CROMWELL, Oliver, letters, autographs, documents, manuscripts

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Cromwell pays his household

CROMWELL, Oliver (1599-1658). Lord Protector of England, Scotland and Ireland.
Document Signed ('Oliver P') at the head, addressed at the foot to Gualter [Walter] Frost, Whitehall, 1 January 1654/55. With a separate second leaf. Rather discoloured and stained but entirely legible and professionally restored and consolidated.

A warrant to the 'Trea[sure]r for the Counsells Contingencies' requiring him 'to pay unto the severall persons, whose names are on the other side endorsed, the severall Summes to their names mentioned, makeing in all the summe of Two hundred fourty two pounds, thirteene shillings and fower pence, being soe much due unto them for their Sallaryes for one Quarter of a yeare from the first of October to the 31th [sic] of December last incl[ud]ed , being 91 dayes. Of which you are not fayle, and for which this shall be sufficient warrant'.

The principal recipient is the serjeant-at-arms, Edward Dendy, who received £91; the ten deputies each received £15 3s 4d. The list is on the reverse, and on the separate sheet, dated 24 February 1654/5, each has signed a receipt for the payment, two of them with their marks. After Dendy they are are Edward Titon [or Tyton], Thomas Baker, John Bradley, Nicholas Hill, Henry Byard, Humphry Holding [or Holden], Anthony Compton, Joshua Leadbeater, Alexander Turner and Thomas Wright. Tyton and Holden had been rewarded with their expenses the previous year for bringing from Norwich the conspirator Thomas Tudor who had escaped early in June (The Writings and Speeches of Oliver Cromwell, ed. W.C. Abbott, iii, 1945, p. 398). The present warrant is not listed in the The Writings but an almost identical document of the same date records payments made to John Milton and others (ibid iii p. 564).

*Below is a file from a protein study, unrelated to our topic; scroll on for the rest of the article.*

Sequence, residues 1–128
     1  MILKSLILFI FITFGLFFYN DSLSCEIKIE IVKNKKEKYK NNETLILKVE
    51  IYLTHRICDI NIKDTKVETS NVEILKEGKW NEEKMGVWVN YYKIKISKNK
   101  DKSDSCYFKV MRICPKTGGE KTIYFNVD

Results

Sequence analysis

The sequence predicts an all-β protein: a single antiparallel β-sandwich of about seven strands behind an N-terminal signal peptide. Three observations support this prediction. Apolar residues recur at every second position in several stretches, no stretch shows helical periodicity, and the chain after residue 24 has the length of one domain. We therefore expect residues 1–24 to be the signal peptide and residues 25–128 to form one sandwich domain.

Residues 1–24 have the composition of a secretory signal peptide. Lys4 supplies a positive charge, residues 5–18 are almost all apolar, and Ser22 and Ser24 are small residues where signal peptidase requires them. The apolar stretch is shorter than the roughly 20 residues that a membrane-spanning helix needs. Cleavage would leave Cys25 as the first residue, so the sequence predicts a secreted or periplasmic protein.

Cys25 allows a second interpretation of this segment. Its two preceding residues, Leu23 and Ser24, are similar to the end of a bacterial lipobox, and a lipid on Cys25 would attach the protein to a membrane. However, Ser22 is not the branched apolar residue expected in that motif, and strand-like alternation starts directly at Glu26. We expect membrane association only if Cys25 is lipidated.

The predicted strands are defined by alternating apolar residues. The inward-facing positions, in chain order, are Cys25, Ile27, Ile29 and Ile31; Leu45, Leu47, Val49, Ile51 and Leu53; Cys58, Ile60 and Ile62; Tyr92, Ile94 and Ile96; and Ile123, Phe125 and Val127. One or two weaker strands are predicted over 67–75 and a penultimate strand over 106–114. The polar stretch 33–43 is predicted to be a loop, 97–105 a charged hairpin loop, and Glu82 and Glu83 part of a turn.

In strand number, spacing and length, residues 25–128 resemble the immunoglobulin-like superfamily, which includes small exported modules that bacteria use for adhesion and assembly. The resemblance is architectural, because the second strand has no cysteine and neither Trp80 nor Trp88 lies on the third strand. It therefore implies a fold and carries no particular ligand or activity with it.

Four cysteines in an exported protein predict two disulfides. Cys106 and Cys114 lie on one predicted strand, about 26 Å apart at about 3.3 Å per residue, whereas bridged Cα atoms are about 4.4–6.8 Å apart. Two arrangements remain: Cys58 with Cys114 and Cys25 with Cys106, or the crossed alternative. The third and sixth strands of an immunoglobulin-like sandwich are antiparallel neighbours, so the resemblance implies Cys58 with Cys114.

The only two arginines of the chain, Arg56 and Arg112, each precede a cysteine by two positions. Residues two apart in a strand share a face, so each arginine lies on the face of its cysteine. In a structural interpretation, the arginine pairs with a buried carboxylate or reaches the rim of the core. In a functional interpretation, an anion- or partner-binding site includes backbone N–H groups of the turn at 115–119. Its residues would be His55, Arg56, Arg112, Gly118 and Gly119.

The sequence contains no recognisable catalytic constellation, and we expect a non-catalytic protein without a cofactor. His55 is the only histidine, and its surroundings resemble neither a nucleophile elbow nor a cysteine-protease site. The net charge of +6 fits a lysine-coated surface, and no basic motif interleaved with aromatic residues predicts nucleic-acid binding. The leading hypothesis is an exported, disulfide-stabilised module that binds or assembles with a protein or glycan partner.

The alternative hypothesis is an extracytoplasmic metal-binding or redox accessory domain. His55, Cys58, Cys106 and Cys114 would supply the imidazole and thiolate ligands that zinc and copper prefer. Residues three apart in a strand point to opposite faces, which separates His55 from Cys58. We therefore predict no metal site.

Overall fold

Edward Dendy (ca 1613-1674) had inherited his father's position during the civil war, and would appear to have been not unwilling to derive whatever benefit he could from his position. Timothy Venning in ODNB records that 'Willing to act for the purged parliament, on 8 January 1649 Dendy was chosen to proclaim the king's trial in London and thus became implicated in regicide. In reward the council of state made him their serjeant-at-arms on 27 March, in which capacity he supervised running Whitehall Palace and in his ceremonial role proclaimed council edicts such as the establishment of the high court of justice in March 1650 and made search for illegal copies of Lilburne's England's New Chains Discovered. He took custody of the council's prisoners and took fees from them for their maintenance; in June 1650 he was unsuccessfully accused of extortion. In August 1651 he was commissioned captain to raise a troop of horse in Westminster against Charles II's invasion. ... Dendy was kept on when the Rump was dissolved, and in July 1653 was given the management of the Marshalsea prison, replacing Sir John Lenthall ... Dendy proclaimed Cromwell as protector in London on 19 December 'with sound of trumpets and in the most solemn manner'.
[No: 25876]

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